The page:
Naturally, no pun intended, Cambridge University has selected Tezos as the foundation for its emerging marketplace designed to trade carbon credits in support of UN Climate Change agendas. The Cambridge Centre For Carbon Credits plans to use a combination of artificial intelligence and satellite sensing to build a decentralized marketplace for verifiable carbon credits, citing the eco friendly and low cost attributes of XTZ along with the governance structure which allows for rational upgrades while avoiding forks.
The goal is to use the trading of carbon credits to promote biodiversity and promote nature based solutions. Carbon credits exist now of course, but there is not necessarily an efficient, transparent, and liquid infrastructure to trade and manage them at scale. Even "mainstream" crypto media actually mentioned the name Tezos in an apparent moment of willingness to face the wrath of the Eth cult when reporting on this development. This follows China and Singapore introducing carbon trading mechanisms and powerful exchange BitMEX purchasing carbon credits in an attempt to offset its own emissions in recent history.
This is merely one initiative and there will certainly be many more attempts to create the go to exchange for handling carbon credits, much like the frenzy we see now with NFTs. Many of these other initiatives will opt for something outside of Tezos such as Ether, but that is not the point. The point here is WHY did they choose Tezos and what impact that could have on the market. This is another example of an institution or entity specifically highlighting the eco-friendly nature of Tezos and the appealing governance structures. This is important because those are two factors that distinctly separate Tezos from Ether.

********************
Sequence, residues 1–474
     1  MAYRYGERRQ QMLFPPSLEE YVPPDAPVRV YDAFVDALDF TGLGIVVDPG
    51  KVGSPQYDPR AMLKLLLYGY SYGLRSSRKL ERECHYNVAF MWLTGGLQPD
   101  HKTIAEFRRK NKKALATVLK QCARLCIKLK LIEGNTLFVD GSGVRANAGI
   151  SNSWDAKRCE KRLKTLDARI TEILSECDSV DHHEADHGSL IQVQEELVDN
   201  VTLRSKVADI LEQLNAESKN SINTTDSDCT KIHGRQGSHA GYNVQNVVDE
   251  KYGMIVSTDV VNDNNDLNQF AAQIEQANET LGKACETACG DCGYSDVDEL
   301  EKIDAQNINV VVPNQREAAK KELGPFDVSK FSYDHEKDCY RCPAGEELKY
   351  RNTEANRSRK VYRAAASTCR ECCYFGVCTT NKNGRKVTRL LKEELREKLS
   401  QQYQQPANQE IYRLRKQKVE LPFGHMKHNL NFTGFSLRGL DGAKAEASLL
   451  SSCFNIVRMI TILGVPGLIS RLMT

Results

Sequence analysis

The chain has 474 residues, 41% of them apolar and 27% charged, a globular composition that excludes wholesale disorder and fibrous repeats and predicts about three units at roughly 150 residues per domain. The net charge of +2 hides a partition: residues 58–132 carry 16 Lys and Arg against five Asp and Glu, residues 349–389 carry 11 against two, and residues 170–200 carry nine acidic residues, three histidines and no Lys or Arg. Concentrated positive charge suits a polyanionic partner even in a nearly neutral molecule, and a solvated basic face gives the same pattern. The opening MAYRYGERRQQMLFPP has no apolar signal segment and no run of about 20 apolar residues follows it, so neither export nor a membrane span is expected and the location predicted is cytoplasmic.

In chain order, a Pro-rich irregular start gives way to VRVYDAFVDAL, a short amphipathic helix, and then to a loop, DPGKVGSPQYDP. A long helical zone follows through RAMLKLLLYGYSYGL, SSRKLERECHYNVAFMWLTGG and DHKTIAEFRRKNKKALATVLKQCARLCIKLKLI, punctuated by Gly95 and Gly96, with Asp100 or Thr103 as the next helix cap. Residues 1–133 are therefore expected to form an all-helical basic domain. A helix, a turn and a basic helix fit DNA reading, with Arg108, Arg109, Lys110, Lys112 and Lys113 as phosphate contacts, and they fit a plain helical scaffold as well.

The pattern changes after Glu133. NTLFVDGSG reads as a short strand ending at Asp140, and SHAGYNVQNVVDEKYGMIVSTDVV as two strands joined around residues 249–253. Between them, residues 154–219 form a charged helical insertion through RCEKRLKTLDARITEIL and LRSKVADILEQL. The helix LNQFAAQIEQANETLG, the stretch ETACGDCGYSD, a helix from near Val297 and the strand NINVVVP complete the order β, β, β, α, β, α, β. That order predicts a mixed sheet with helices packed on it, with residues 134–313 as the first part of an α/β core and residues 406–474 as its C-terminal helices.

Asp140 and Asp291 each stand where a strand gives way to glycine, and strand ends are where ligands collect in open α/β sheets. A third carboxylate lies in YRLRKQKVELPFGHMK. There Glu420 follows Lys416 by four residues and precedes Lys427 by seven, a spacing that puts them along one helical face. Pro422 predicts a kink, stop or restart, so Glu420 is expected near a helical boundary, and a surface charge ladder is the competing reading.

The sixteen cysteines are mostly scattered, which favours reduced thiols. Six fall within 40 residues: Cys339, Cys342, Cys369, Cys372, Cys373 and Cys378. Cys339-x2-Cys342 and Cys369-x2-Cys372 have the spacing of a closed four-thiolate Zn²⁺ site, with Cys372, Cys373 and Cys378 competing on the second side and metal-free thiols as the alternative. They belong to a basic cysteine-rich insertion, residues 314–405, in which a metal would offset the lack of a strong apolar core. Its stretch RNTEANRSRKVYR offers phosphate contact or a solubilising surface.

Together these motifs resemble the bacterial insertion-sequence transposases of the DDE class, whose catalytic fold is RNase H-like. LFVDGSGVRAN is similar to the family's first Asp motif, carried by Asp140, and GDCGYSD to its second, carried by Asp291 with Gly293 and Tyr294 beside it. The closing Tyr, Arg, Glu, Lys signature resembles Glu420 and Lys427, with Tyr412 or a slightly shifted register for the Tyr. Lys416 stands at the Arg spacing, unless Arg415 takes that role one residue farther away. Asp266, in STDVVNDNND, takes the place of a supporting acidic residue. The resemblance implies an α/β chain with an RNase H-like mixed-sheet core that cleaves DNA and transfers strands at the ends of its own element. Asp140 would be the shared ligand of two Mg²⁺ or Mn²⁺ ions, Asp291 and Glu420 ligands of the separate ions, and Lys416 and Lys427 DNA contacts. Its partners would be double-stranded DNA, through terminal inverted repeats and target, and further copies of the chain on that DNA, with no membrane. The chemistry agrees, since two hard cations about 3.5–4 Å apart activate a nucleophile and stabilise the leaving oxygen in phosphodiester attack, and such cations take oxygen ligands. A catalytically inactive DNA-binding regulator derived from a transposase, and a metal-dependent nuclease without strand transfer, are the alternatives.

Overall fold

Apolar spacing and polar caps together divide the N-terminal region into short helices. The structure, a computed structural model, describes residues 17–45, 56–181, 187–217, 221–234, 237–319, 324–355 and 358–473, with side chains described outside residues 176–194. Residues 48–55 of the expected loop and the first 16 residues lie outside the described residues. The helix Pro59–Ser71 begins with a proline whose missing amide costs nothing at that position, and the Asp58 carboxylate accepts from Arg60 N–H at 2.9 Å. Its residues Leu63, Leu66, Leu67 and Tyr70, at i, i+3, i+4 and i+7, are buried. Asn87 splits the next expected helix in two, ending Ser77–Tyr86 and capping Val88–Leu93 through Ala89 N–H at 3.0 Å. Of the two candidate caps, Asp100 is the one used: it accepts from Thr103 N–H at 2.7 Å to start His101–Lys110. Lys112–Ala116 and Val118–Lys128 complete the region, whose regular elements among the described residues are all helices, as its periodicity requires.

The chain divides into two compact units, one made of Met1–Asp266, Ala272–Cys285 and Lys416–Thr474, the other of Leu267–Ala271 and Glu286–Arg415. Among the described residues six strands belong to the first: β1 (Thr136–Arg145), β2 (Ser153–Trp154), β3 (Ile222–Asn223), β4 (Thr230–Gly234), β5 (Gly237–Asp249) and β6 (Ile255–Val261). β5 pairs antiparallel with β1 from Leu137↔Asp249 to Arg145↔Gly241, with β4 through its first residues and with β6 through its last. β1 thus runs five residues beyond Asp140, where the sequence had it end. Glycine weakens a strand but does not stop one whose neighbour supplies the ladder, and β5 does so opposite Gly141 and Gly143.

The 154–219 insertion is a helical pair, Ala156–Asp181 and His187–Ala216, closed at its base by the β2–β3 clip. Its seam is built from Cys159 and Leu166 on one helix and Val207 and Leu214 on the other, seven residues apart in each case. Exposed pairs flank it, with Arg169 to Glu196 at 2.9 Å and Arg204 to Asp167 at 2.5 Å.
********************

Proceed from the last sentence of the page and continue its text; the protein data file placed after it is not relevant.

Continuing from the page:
The ongoing battle here pits Tezos versus Ether and a bunch of Eth copycats that are essentially white labeling Ethereum. Tezos is a distinct Layer 1 protocol completely separate from Eth. We are still not convinced the market truly understands this. A potential bet on Tezos could be viewed as having more potential Alpha and asymmetry. What is more explosive and valuable: another Eth copycat that has some success or a completely separate protocol that sucks away tons of economic value and activity from a competitive Layer 1 protocol?
Speaking of helping and preserving the environment, the huge irony here is that crypto in a general sense could very well end up being very beneficial to the environment. Looking beyond just using volcanoes to mine Bitcoin, there is a huge issue related to excess grid energy and environmentally wasteful scenarios like excess natural gas and energy production. Without getting too far into the weeds - the reality is that organizations can very likely channel excess energy into Bitcoin mining. In other words, they can take environmentally hurtful waste and convert it into cash. Who wouldn't do that when there are options to do so?
So, we have the vast majority of participants trying to out-copycat each other on one hand (Eth chains vis a vis smart contracts, NFTs, DeFi) and the "Bitcoin will boil all the oceans" crowd screaming like Greta on the other hand. In both of these situations there are options that can alleviate the pain and set us down a clear path - but tribalism in most cases gets in the way of progress. What a world we live in now.
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